Automotive industry launches airbag safety campaign
Motorists are being urged to use a new site to check for faulty airbags.
As part of a national safety campaign, the Federal Chamber of Automotive Industries (FCAI) is admonishing car owners to check if they are affected by the ongoing Takata airbag safety recall.
19,500 faulty airbags still on Australian roads
As reported by the FCAI, the representative motoring manufacturers and vehicle importers body in Australia, there are still 19,500 vehicles on our road network installed with potentially faulty Takata "alpha" inflators that need replacing as soon as possible.
The FCAI’s Chief Executive Tony Weber explained drivers could be risking a 1 in 2 chance of their airbag failing in a crash.
“Some 19,500 vehicles in Australia still need to have their alpha airbag inflators replaced as a matter of utmost urgency. In certain circumstances, there is a chance as high as 1-in-2 that these may rupture on deployment in a collision. These vehicles with alpha airbag inflators should not be driven and owners should immediately contact their manufacturer.”
An estimated additional 1.6 million models will need to have the small metal cartridge, which rapidly inflates the airbag through a gas-producing chemical reaction in the event of an accident, swapped by 2020.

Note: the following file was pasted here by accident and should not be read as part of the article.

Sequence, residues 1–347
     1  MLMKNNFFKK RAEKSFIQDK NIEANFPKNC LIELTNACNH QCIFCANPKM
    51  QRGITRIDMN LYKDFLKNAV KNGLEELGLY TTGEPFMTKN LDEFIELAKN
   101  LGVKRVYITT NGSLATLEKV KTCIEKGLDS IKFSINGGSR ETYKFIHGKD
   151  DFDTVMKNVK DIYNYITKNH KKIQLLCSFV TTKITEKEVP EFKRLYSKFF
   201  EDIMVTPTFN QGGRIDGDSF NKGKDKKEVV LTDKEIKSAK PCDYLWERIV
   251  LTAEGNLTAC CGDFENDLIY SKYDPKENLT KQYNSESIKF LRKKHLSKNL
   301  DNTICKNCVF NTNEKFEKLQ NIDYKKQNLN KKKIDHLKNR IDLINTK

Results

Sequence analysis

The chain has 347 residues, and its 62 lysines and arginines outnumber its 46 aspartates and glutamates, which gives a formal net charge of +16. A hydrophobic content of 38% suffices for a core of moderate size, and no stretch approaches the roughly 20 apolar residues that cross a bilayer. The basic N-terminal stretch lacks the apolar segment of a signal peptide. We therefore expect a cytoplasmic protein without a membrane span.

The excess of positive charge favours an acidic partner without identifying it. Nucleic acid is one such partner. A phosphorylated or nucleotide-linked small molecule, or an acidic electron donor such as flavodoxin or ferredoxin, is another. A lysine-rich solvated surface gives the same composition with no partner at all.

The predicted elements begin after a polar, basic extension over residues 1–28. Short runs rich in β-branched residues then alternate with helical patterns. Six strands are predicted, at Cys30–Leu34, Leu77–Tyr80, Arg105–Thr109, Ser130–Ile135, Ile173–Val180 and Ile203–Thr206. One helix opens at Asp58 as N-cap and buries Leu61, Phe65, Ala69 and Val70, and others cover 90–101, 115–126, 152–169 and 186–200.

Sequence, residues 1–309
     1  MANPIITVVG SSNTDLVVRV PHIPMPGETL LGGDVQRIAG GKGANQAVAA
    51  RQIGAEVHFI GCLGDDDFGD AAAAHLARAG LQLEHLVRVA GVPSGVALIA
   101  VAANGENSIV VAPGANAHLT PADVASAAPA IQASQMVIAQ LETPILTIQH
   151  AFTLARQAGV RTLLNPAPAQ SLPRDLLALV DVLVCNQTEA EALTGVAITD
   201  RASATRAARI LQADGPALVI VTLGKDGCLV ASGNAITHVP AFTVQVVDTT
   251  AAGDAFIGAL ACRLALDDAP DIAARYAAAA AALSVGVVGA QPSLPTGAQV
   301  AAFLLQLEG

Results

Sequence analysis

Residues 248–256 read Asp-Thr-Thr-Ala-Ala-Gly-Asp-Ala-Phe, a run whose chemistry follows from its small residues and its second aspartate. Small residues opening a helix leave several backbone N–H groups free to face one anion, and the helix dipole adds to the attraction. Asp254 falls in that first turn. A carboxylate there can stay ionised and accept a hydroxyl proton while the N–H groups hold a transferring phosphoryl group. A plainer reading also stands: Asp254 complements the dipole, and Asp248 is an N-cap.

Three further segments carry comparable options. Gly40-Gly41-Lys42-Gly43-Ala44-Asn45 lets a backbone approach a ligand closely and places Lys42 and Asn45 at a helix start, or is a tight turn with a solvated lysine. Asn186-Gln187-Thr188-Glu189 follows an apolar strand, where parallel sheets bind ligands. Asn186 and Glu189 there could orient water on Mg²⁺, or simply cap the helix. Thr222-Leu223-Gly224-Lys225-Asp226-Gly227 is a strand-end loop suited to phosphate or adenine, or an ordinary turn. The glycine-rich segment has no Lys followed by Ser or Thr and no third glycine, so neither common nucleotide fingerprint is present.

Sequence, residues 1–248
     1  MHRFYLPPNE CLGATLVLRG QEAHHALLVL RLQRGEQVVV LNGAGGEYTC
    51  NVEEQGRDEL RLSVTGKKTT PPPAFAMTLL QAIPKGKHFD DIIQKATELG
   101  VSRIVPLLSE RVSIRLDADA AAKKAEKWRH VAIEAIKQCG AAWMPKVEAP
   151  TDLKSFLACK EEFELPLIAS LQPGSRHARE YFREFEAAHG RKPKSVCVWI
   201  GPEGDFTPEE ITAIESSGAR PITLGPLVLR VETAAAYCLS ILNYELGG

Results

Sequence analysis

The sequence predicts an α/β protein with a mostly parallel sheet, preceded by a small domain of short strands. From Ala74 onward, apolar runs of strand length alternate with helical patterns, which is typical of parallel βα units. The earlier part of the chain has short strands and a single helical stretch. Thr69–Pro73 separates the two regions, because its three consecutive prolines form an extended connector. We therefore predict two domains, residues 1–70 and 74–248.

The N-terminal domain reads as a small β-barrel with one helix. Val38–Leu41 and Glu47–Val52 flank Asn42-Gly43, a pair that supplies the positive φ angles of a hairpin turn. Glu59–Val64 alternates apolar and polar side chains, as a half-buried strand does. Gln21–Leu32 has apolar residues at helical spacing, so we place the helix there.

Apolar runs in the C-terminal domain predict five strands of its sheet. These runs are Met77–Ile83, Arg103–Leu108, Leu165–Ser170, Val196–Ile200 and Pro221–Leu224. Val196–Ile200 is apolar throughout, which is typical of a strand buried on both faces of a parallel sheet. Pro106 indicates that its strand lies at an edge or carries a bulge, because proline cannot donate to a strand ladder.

Don’t underestimate the seriousness of the recall
Weber spoke about how the particular inflator cartridge design installed on some Honda, Nissan, BMW, Mazda and Lexus vehicles between 2001 and 2004, has a potentially deadly flaw.
“If a faulty Takata airbag inflator ruptures, metal fragments will propel out of the airbag and into the vehicle cabin, potentially causing serious injury or death to occupants. It is vital that vehicle owners don’t underestimate the seriousness of this national recall.”
The explosive deployment issue can be exasperated in areas of exposure, high temperatures and high humidity levels. Knowing this has enabled car makers to prioritise the most at-risk drivers.
Find out if you’re affected
Due to the grave nature of the recall, which has sadly killed 24 people and injured 266 globally, brands have made multiple attempts to contact car owners. Apparently, in some cases, they’ve tried contacting drivers five or six times through the post and resorted to other methods of contact such as SMS and phone calls. Amazingly, they haven’t been able to reach some of the intended recipients.
To check if your car comes under the recall or will require a stopgap fix, visit www.IsMyAirbagSafe.com.au. There, you will need to enter your number plate, state or territory.
For more information about car safety recalls and alerts, read our guide what you need to know about car safety recalls.